Over coffee in Mayfair last month, a visiting former head of private equity at one of the US’s biggest pension systems conveyed the sense of dread he felt when GPs get in touch with their investors about potential secondaries processes.

“When that email pops into your inbox, it’s the last thing you want to see,” the former head told Secondaries Investor. “The default option is often an automatic sell, which seems like a pretty short fuse to me.”

It’s unclear how common the ‘default sell’ option –in which LPs who do not respond within a given time period will automatically exit their fund stakes in exchange for liquidity – is in GP-led processes globally. Still, data released this month by Lazard shows that the vast majority of LPs are selling when faced with the option.

The adviser found that for GP-led processes that closed in the first half of the year, LPs sold their exposure approximately 90 percent of the time. A combination of record deployment and slower exit activity set the backdrop of dynamics between January and June, and it’s possible that a great many LPs are parting ways with their fund stakes for liquidity reasons.

But, it’s no secret that LPs are stretched and don’t have the time or resources to properly consider whether to sell or roll their exposure – the latter being an act many LPs see as an underwriting exercise in itself and something they are unable to process within a short period of time.

LPs in a given fund can be a divergent set of investors with varying motives. Consider the difference between a pension fund with straight fund exposure, and an insurance company with co-investment exposure to the assets. Or a fund of funds that must typically return capital to its own investors within a set time period and therefore needs liquidity at a specific time, versus a sovereign wealth fund that is less concerned about short-term liquidity. Add to the mix LPs who are themselves active secondaries buyers with dedicated secondaries investment teams that have a vested interest in seeing a GP-led process go ahead, and it becomes clear that having vastly divergent views in a fund’s LP base can be the norm.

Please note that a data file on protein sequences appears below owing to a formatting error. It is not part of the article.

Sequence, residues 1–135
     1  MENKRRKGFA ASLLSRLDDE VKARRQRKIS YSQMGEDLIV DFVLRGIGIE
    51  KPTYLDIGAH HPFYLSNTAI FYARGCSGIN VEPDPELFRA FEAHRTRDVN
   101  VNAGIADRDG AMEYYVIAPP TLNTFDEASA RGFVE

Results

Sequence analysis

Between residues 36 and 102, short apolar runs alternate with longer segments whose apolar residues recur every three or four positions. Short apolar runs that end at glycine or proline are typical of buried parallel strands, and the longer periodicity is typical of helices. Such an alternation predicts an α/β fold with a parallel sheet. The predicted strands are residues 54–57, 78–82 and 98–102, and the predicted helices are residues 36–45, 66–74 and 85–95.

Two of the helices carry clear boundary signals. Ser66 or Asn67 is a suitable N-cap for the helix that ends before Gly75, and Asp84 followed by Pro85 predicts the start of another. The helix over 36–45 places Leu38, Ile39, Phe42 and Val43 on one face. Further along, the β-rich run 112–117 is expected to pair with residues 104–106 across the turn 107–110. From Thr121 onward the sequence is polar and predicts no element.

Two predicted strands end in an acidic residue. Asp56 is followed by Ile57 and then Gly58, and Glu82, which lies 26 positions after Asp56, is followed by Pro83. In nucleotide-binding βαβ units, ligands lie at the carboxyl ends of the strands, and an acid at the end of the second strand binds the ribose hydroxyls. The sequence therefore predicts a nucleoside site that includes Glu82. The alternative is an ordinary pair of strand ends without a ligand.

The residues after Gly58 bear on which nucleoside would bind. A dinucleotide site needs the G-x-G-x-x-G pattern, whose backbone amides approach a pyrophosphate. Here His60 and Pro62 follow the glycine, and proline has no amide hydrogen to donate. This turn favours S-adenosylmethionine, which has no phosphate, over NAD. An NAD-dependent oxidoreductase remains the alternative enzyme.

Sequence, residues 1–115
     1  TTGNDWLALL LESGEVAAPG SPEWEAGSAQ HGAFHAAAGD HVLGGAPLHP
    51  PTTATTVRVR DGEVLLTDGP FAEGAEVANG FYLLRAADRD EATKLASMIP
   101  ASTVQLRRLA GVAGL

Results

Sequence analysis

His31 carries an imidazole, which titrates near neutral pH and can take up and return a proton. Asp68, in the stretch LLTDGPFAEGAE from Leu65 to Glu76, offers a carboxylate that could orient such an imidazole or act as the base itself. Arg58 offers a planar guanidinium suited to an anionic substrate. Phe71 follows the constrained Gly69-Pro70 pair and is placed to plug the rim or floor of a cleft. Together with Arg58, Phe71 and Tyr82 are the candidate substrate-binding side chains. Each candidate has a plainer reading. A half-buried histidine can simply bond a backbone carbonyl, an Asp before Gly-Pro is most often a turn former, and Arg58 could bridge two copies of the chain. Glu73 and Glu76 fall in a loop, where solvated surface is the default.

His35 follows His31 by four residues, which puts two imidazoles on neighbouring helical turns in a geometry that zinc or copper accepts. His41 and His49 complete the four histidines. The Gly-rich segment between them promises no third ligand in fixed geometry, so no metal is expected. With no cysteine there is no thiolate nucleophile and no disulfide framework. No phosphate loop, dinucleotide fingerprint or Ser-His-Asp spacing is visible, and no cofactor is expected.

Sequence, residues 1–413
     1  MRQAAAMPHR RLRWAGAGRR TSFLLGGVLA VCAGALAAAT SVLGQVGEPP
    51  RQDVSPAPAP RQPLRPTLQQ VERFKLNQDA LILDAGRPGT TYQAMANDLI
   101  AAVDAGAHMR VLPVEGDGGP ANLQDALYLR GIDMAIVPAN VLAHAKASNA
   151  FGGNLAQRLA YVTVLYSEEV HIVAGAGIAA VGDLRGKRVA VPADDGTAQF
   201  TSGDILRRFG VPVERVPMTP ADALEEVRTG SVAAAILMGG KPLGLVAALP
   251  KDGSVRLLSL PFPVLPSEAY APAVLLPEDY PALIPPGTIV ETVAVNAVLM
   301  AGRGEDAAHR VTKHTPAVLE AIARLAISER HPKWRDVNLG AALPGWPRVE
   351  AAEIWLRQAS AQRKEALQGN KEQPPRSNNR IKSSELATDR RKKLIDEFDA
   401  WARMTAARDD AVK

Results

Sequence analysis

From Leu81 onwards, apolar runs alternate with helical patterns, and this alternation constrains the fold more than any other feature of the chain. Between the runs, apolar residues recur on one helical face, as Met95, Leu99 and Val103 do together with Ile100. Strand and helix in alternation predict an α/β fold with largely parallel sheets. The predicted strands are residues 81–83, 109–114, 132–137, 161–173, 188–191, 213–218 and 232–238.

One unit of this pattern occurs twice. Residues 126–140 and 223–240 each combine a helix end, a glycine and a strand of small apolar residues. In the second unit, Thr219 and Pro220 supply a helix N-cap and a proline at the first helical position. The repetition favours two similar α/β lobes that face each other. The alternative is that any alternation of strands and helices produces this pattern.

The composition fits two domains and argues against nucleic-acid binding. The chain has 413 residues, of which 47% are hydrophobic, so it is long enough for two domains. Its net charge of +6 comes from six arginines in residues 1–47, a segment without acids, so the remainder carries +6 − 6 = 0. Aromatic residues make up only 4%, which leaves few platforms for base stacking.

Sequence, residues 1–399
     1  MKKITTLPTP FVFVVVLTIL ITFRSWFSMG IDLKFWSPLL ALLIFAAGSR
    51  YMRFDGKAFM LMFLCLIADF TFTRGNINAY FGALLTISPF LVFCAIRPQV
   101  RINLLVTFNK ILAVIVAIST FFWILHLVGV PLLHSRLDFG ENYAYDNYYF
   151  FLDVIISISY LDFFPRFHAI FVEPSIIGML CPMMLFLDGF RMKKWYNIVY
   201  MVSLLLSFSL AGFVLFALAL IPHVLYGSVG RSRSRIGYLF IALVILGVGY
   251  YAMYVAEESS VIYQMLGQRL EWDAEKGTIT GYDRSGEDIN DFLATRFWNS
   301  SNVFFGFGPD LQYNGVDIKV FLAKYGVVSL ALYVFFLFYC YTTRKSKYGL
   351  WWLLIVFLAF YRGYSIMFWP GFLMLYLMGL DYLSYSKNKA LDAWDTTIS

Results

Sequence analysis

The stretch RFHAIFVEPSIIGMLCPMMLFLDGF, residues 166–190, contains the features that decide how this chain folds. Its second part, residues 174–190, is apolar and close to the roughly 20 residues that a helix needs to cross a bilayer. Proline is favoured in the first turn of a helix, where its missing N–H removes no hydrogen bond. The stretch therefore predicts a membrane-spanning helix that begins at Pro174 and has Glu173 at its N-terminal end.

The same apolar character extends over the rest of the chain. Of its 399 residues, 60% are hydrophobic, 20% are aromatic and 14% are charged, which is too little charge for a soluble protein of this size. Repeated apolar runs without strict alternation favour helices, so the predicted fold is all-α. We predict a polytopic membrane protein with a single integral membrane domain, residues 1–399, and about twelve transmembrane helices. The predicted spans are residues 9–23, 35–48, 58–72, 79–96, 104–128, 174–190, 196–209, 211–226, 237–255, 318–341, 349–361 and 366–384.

As Adrian Millan, head of LP advisory at PJT Partners, outlined to us this week, there are at least five things LPs can do to help them decide whether a stake sale will be worth their while. One of those is understanding how a GP-led process can sometimes deliver higher pricing for one’s fund interest due to there being a greater volume of exposure for a buyer to acquire, rather than just a single line.

Of course, how each LP deals with GP-arranged liquidity processes are different. Every LP has their own set of criteria, their own strategic plan and their own allocation challenges, as David Atterbury, managing director at HarbourVest Partners, told affiliate title Private Equity International’s upcoming September secondaries special on alignment. Understanding how those divergent views will likely respond to an organised liquidity process is key to running a fair – and successful – process.

Contact the author at adam.l@peimedia.com.